We have 92 laudas by Jacopone
of certain authenticity, another three or four of probable authenticity and the liturgical hymn Stabat Mater. The credit for having transmitted to us Jacopone’s authentic laudas goes to the Florentine priest and typographer Francesco Bonaccorsi. In 1490 he was the first to publish a very accurate collection of laudas, deriving from ancient manuscripts that later disappeared from Todi and purified of the various imitations and counterfeits that had accumulated in the two centuries that had passed since Jacopone’s death.
Jacopone’s poetry represents a work of extraordinary richness, in which the poet expresses tenderness and passion, pain and jubilation, practical realism and mystical spirituality, tongue-in-cheek irony and biting sarcasm. Jacopone masters the canons of lyric poetry, the expressive resources of dialogue and contrast, as well as those of dramatic representation.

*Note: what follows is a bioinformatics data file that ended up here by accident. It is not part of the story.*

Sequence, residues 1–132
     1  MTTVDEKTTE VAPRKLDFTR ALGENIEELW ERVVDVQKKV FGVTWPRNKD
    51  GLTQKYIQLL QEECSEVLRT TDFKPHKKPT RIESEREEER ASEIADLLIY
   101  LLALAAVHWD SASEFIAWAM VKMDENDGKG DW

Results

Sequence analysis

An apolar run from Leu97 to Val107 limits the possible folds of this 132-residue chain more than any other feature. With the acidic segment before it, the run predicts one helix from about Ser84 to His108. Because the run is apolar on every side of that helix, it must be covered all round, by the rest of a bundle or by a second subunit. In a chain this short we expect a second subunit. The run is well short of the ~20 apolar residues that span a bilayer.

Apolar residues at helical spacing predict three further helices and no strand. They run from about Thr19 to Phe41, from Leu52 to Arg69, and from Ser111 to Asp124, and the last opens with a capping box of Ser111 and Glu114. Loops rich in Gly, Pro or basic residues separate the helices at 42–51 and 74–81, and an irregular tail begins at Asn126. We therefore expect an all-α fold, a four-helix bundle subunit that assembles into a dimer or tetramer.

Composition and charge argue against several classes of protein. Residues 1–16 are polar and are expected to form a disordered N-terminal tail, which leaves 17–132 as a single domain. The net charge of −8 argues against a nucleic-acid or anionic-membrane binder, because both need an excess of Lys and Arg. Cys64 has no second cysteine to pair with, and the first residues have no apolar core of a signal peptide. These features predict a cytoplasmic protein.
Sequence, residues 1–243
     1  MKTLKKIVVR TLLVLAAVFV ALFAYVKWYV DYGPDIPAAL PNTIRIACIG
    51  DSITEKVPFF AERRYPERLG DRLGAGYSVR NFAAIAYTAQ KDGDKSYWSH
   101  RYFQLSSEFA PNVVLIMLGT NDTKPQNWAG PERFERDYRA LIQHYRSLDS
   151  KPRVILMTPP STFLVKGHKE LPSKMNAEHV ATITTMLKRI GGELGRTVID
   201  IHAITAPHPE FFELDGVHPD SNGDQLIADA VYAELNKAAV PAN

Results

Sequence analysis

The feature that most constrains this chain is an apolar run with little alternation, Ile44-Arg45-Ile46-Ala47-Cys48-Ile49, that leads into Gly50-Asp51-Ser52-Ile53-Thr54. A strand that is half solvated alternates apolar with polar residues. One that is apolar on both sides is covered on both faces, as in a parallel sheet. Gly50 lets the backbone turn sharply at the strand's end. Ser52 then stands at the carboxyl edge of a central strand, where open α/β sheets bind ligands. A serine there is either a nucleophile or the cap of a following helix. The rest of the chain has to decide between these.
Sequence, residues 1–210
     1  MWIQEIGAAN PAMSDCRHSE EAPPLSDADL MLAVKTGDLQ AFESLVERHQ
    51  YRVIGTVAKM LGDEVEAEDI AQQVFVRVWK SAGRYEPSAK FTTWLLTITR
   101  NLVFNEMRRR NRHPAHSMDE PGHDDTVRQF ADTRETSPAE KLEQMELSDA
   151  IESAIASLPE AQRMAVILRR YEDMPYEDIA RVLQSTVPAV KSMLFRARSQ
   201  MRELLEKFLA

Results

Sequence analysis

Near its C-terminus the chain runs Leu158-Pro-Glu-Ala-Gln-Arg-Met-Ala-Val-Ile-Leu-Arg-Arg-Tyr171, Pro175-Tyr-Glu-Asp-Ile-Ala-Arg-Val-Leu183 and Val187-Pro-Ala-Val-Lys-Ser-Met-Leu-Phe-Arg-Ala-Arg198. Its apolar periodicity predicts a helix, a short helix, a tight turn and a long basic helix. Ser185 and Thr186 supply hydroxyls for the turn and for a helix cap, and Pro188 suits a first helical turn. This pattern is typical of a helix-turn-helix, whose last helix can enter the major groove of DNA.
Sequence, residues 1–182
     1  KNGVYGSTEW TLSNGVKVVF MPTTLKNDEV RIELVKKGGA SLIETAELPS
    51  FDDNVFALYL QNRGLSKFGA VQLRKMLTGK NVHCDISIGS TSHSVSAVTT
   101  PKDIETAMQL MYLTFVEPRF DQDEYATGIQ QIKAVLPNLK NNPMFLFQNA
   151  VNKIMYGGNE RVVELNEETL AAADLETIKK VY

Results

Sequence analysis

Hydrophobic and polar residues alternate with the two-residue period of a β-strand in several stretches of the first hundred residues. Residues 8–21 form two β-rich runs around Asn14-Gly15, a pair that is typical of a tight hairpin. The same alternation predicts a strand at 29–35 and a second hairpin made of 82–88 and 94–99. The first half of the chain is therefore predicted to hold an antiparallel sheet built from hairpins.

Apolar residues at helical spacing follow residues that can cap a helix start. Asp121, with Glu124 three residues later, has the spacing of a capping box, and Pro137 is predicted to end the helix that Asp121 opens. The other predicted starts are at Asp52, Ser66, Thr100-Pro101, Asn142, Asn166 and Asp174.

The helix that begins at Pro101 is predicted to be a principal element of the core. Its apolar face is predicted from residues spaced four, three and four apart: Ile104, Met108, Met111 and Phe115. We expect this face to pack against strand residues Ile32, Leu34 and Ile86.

Many Italian philologists
during the last century dedicated themselves to the study of Jacopone’s language and to verifying the authenticity of the laudas; among them we remember, in particular, Franca Ageno, Franco Mancini, Matteo Leonardi and Enrico Menestò. For no more than a century (more than six centuries after the poet’s death), we have finally had organised texts on which to base the sure knowledge of the great poet’s life, thought and spiritual life.
To rediscover Jacopone,
understanding him and updating his message today, means seeking in his laudas the human, ethical, civil and religious motivations, which have a universal value.